OKLAHOMA CITY (AP) — A new study shows Oklahoma ranks among the worst states for its number of structurally deficient bridges, but Oklahoma transportation officials said Monday that the number of such bridges on the state highway system has been dramatically reduced.
The study by the Washington, D.C., group Transportation for America shows Oklahoma has the second-highest percentage of structurally deficient bridges — 22.6 percent — among the 50 states. The study, which uses 2012 Federal Highway Administration data, shows 5,382 of the state’s nearly 24,000 bridges are structurally deficient, a term that means the bridge has a major defect in either its deck or support structure.
Only Pennsylvania, with 24.5 percent of its bridges determined to be structurally deficient, ranked worse.
Transportation for America is a coalition with more than 500 partners, including individual cities and counties, as well as mayors, councilors and other elected officials. Its executive committee includes environmental, transportation and housing groups.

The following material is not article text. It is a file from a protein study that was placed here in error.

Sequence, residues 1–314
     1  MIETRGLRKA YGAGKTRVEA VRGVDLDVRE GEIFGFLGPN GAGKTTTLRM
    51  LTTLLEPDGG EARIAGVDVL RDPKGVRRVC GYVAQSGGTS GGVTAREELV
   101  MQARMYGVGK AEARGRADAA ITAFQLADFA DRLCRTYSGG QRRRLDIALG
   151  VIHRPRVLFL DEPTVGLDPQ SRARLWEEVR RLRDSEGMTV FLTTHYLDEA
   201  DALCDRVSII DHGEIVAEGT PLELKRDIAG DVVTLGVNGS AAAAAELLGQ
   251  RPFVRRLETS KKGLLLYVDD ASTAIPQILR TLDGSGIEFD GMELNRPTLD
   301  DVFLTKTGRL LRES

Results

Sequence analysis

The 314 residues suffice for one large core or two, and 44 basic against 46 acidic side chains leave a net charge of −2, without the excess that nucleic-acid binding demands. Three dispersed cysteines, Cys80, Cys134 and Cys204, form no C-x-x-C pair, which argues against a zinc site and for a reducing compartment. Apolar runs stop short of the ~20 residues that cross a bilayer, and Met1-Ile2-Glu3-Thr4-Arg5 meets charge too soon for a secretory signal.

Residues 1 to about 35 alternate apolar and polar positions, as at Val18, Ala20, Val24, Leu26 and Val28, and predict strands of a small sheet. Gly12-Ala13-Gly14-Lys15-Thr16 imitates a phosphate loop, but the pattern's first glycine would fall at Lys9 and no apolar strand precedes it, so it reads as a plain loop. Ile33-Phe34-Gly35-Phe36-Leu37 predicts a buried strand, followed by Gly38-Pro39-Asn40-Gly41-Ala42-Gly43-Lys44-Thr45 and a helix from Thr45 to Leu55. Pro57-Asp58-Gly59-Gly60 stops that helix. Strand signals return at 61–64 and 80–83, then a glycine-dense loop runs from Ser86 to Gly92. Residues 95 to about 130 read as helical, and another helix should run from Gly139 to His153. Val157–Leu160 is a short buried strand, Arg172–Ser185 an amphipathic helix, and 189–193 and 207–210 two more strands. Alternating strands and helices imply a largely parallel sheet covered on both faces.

But Oklahoma Department of Transportation Director Mike Patterson said the study includes all the bridges in Oklahoma — state, county and city bridges. When it comes to state bridges only, the picture is dramatically better, he said.
“Here in Oklahoma, as we have been working through our deficient bridges on the highway system, we were at 17 percent back in 2005,” he said. “This year, because our structurally deficient bridges are now down to 8 percent of the total number of bridges on the highway system, it’s the first time I can recall that we’re helping to pull the average down.”
The number of structurally deficient bridges on the state highway system has dropped from 1,168 in 2005 to 556.
Patterson credited a decision by the Legislature in 2005 to dedicate a portion of the state’s income tax collections to pay for infrastructure improvements as a key reason for the reduction in the number of structurally deficient highway bridges.